• C23C16/44Chemical coating by decomposition of gaseous compounds, without leaving reaction products of surface material in the coating, i.e. chemical vapour deposition [CVD] processes characterised by the method of coating
    • C23C16/455Chemical coating by decomposition of gaseous compounds, without leaving reaction products of surface material in the coating, i.e. chemical vapour deposition [CVD] processes characterised by the method of coating characterised by the method used for introducing gases into reaction chamber or for modifying gas flows in reaction chamber
    • C23C16/45523Pulsed gas flow or change of composition over time
    • C23C16/45525Atomic layer deposition [ALD]
    • C23C16/45544Atomic layer deposition [ALD] characterized by the apparatus

Abstract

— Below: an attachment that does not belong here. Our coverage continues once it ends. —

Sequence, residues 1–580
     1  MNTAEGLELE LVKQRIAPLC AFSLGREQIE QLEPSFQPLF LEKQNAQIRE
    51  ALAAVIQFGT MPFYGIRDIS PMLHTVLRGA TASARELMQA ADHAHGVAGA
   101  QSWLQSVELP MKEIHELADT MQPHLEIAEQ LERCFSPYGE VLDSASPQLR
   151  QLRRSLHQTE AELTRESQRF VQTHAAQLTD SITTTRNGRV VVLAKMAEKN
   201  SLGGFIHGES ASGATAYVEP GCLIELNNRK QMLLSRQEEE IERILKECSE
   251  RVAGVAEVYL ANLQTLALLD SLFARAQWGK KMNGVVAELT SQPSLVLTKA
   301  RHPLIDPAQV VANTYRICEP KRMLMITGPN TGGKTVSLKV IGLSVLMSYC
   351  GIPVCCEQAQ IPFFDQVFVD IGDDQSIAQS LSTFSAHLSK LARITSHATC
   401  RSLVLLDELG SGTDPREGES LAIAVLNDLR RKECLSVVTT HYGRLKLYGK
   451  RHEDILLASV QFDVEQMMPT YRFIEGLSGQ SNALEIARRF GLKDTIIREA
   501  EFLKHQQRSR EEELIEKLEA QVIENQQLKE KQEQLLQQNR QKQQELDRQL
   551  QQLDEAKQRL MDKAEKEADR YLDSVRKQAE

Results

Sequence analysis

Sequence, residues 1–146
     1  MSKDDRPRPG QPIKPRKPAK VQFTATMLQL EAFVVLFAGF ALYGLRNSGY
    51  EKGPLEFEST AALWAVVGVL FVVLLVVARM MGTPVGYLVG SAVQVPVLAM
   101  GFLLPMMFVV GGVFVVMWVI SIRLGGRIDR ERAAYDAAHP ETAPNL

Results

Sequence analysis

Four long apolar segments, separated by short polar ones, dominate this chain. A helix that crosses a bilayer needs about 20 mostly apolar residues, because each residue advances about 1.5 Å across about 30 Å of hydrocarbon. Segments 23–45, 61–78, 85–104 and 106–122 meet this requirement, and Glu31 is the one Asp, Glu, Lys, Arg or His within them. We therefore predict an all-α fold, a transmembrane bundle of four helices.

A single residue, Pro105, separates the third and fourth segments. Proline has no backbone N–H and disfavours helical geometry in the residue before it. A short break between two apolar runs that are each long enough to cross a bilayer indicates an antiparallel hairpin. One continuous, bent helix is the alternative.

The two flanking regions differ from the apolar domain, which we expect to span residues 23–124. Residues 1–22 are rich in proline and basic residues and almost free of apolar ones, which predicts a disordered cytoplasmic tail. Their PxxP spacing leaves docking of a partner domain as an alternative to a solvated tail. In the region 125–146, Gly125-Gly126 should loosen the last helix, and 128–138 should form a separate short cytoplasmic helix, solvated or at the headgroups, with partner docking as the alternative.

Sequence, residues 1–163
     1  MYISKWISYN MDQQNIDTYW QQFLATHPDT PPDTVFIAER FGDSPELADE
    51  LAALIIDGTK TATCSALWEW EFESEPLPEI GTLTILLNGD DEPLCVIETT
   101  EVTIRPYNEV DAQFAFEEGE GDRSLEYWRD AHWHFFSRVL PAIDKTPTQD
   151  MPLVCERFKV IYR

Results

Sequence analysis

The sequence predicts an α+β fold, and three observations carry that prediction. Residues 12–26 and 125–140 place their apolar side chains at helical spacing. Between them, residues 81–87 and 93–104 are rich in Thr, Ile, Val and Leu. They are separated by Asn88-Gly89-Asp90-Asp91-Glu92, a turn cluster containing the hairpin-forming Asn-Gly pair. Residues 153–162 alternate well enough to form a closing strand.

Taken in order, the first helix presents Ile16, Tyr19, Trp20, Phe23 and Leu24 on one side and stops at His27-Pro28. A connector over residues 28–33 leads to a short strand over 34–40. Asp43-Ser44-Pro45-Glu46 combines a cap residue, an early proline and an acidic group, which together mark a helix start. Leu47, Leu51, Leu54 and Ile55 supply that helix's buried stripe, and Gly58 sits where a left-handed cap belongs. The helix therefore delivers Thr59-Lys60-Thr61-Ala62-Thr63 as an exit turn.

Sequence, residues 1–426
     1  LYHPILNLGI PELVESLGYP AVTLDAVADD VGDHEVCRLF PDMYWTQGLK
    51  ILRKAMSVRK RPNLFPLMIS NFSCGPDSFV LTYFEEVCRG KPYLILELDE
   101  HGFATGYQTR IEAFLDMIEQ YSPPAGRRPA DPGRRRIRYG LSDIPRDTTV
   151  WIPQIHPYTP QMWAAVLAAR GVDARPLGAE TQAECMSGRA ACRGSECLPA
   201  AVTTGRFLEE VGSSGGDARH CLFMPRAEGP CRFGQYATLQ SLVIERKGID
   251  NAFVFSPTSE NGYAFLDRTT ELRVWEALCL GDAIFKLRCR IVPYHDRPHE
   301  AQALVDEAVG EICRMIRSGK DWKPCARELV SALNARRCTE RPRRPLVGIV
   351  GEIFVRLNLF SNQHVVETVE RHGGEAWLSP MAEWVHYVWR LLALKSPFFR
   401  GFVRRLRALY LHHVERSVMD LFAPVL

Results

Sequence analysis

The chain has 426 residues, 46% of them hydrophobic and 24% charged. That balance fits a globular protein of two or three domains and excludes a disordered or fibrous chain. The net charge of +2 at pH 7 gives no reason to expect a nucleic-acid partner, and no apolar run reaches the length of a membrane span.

A technique for atomic layer deposition is disclosed. In one particular exemplary embodiment, the technique may be realized by an apparatus for atomic layer deposition. The apparatus may comprise a process chamber having a substrate platform to hold at least one substrate. The apparatus may also comprise a supply of a precursor substance, wherein the precursor substance comprises atoms of at least one first species and atoms of at least one second species, and wherein the supply provides the precursor substance to saturate a surface of the at least one substrate. The apparatus may further comprise a plasma source of metastable atoms of at least one third species, wherein the metabstable atoms are capable of desorbing the atoms of the at least one second species from the saturated surface of the at least one substrate to form one or more atomic layers of the at least one first species.